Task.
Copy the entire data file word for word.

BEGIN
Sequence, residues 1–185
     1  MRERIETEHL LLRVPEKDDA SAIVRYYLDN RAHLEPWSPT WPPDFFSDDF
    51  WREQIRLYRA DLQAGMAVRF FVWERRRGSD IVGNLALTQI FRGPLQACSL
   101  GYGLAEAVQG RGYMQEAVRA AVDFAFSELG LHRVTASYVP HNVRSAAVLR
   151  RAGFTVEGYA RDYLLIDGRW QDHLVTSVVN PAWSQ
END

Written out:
Sequence, residues 1–185
     1  MRERIETEHL LLRVPEKDDA SAIVRYYLDN RAHLEPWSPT WPPDFFSDDF
    51  WREQIRLYRA DLQAGMAVRF FVWERRRGSD IVGNLALTQI FRGPLQACSL
   101  GYGLAEAVQG RGYMQEAVRA AVDFAFSELG LHRVTASYVP HNVRSAAVLR
   151  RAGFTVEGYA RDYLLIDGRW QDHLVTSVVN PAWSQ